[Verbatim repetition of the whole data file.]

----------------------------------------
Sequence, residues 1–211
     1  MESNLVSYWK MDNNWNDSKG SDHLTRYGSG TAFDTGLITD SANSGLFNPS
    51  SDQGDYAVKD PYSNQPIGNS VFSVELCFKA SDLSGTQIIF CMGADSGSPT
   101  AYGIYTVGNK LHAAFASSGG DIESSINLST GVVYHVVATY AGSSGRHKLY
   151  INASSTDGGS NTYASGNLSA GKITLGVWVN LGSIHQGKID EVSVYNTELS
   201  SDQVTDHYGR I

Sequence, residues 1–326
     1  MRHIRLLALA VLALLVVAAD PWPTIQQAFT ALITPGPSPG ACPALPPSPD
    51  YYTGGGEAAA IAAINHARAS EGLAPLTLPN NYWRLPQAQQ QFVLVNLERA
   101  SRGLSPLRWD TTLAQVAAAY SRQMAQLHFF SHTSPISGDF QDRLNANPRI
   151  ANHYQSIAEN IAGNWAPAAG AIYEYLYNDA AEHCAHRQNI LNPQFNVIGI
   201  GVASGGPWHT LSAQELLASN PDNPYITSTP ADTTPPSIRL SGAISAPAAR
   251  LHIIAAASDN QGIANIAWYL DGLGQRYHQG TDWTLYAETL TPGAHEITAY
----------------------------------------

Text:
Sequence, residues 1–211
     1  MESNLVSYWK MDNNWNDSKG SDHLTRYGSG TAFDTGLITD SANSGLFNPS
    51  SDQGDYAVKD PYSNQPIGNS VFSVELCFKA SDLSGTQIIF CMGADSGSPT
   101  AYGIYTVGNK LHAAFASSGG DIESSINLST GVVYHVVATY AGSSGRHKLY
   151  INASSTDGGS NTYASGNLSA GKITLGVWVN LGSIHQGKID EVSVYNTELS
   201  SDQVTDHYGR I

Sequence, residues 1–326
     1  MRHIRLLALA VLALLVVAAD PWPTIQQAFT ALITPGPSPG ACPALPPSPD
    51  YYTGGGEAAA IAAINHARAS EGLAPLTLPN NYWRLPQAQQ QFVLVNLERA
   101  SRGLSPLRWD TTLAQVAAAY SRQMAQLHFF SHTSPISGDF QDRLNANPRI
   151  ANHYQSIAEN IAGNWAPAAG AIYEYLYNDA AEHCAHRQNI LNPQFNVIGI
   201  GVASGGPWHT LSAQELLASN PDNPYITSTP ADTTPPSIRL SGAISAPAAR
   251  LHIIAAASDN QGIANIAWYL DGLGQRYHQG TDWTLYAETL TPGAHEITAY